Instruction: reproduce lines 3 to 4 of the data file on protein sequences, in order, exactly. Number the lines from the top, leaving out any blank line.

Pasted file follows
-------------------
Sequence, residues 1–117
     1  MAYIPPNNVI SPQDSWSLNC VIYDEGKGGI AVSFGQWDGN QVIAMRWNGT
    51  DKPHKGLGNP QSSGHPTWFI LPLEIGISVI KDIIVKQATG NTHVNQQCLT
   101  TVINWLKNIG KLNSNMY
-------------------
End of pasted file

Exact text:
    51  DKPHKGLGNP QSSGHPTWFI LPLEIGISVI KDIIVKQATG NTHVNQQCLT
   101  TVINWLKNIG KLNSNMY